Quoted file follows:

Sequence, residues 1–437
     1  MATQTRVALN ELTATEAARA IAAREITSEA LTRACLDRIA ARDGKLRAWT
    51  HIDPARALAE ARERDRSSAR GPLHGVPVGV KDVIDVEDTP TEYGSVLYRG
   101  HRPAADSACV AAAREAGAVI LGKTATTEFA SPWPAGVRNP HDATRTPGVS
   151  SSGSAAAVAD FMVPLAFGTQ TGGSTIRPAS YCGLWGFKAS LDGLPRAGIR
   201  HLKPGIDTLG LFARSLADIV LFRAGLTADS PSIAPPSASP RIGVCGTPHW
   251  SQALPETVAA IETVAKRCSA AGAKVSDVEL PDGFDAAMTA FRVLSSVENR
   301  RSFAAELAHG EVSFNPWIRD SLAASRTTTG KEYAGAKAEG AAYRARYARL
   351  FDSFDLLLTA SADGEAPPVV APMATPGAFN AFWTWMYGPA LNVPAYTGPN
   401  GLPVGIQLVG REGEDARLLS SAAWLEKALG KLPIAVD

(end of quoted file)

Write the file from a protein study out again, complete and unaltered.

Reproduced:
Sequence, residues 1–437
     1  MATQTRVALN ELTATEAARA IAAREITSEA LTRACLDRIA ARDGKLRAWT
    51  HIDPARALAE ARERDRSSAR GPLHGVPVGV KDVIDVEDTP TEYGSVLYRG
   101  HRPAADSACV AAAREAGAVI LGKTATTEFA SPWPAGVRNP HDATRTPGVS
   151  SSGSAAAVAD FMVPLAFGTQ TGGSTIRPAS YCGLWGFKAS LDGLPRAGIR
   201  HLKPGIDTLG LFARSLADIV LFRAGLTADS PSIAPPSASP RIGVCGTPHW
   251  SQALPETVAA IETVAKRCSA AGAKVSDVEL PDGFDAAMTA FRVLSSVENR
   301  RSFAAELAHG EVSFNPWIRD SLAASRTTTG KEYAGAKAEG AAYRARYARL
   351  FDSFDLLLTA SADGEAPPVV APMATPGAFN AFWTWMYGPA LNVPAYTGPN
   401  GLPVGIQLVG REGEDARLLS SAAWLEKALG KLPIAVD